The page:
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Why You Shouldn't Marry Your Best Friend

Photograph by Twenty20

My husband and I have been together since we were 18 years old. We’ve been an item for over 16 years and happily married for eight. We love each other madly and deeply. He is my rock, my confidant, my partner, and my lover... but he’s not my best friend.

My best friend is a woman. A woman who knows me better than I know myself, who has seen me through many of life’s ups and downs, and who loves me deeply without the messiness of being in love with me.

I know the phrase “I married my best friend” is meant to be as sweet as it is common, but I think it puts unnecessary strain on a marriage. Asking your romantic partner to be your number one pal puts a whole lot of pressure on one person.

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First of all, if you are in a heterosexual marriage, it's extremely difficult for your partner to truly understand and sympathize with many of your life experiences. There's just no way for your husband to understand what it actually feels like when your period is two days late—you need a best friend for that.

You may have found Mr. Right but he doesn’t have to be Mr. Everything.

Most husbands aren’t the ideal people to share a pedicure appointment with and they may not want to rehash the latest "Bachelor" episode. They also can’t fully relate to the troubling competitiveness between women and enduring female discrimination in American society the way a best friend can. For practical advice, like the best way to tame your bikini line, to deep empathy for the female experience, like what it’s like to be whistled at from a moving vehicle, we all need close female friendships.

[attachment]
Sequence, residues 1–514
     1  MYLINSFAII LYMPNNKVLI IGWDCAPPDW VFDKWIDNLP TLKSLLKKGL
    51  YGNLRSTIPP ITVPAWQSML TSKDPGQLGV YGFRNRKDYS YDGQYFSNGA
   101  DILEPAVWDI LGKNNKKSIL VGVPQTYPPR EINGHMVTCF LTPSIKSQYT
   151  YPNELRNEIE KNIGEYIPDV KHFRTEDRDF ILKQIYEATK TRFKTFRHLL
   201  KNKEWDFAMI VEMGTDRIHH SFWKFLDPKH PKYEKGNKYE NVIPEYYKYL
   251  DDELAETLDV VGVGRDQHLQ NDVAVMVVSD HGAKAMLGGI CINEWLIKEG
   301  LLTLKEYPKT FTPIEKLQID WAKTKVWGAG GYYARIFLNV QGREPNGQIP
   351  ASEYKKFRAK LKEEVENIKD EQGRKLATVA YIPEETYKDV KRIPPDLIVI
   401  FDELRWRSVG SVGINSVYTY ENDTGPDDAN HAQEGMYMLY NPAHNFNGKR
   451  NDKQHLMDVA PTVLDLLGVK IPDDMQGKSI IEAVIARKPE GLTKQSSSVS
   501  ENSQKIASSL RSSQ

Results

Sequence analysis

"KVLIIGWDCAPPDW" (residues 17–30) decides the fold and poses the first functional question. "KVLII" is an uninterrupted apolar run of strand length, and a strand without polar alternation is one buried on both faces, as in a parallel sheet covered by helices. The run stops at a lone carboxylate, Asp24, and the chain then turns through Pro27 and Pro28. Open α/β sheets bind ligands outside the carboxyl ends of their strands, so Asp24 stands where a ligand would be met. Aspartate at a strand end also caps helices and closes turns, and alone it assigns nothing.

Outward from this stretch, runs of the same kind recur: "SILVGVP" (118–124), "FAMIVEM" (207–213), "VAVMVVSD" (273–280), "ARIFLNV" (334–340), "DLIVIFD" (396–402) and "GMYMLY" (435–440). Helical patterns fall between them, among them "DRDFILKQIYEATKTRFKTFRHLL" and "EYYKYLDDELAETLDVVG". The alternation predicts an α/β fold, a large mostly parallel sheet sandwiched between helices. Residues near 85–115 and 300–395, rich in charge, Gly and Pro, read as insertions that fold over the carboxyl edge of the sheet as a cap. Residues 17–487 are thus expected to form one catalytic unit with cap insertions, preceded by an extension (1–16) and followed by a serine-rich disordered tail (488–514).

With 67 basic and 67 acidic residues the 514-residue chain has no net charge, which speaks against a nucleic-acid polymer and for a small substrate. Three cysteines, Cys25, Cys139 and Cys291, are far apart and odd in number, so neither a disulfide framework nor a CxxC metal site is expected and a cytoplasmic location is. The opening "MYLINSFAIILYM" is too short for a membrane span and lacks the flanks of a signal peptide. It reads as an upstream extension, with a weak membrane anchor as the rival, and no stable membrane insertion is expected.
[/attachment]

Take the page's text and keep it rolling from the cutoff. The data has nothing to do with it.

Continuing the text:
It's also extremely helpful to have someone you can talk to that has some objectivity. A best friend doesn’t share a bed with you, doesn’t have access to your checking account, and doesn’t parent your children. This makes them the perfect person to vent to. They might have an outsider’s perspective that makes your problem simpler to solve. And better still, it’s easier for a friend to hear your struggles without feeling compelled to fix them. Basically, if you have a best friend to share with, your husband doesn’t have to be your one and only sounding board.

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And perhaps most importantly, spending time with a best friend is a great way to remember that you are an autonomous person, that you are more than a wife and a mother. Incidentally, feeling independent and whole makes you better at those roles. You may have found Mr. Right but he doesn’t have to be Mr. Everything. Husbands are amazing, but they can’t replace best friends.

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